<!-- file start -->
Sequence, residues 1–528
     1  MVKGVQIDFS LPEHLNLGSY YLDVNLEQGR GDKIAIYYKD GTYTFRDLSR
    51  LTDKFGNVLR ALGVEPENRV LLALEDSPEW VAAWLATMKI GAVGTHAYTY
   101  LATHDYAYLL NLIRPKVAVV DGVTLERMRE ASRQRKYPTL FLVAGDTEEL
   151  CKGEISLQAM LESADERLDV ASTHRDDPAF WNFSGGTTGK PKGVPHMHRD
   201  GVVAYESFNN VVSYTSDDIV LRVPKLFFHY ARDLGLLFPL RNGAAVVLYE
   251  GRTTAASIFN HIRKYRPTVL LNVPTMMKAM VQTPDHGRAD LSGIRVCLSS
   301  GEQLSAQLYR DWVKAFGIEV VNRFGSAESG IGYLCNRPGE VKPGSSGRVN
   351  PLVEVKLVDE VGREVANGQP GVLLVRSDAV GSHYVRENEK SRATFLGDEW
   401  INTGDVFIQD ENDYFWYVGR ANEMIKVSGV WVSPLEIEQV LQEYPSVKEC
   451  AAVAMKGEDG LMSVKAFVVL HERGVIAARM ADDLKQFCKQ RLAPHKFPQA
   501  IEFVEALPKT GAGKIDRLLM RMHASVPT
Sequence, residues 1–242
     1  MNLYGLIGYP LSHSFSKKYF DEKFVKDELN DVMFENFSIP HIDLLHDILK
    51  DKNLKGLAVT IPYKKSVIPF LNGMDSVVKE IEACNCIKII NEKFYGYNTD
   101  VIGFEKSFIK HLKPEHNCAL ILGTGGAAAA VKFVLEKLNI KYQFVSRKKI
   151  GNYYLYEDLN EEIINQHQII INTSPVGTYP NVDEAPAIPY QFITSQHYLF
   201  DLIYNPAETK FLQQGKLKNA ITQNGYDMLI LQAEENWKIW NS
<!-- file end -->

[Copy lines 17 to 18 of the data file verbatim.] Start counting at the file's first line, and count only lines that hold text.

   151  GNYYLYEDLN EEIINQHQII INTSPVGTYP NVDEAPAIPY QFITSQHYLF
   201  DLIYNPAETK FLQQGKLKNA ITQNGYDMLI LQAEENWKIW NS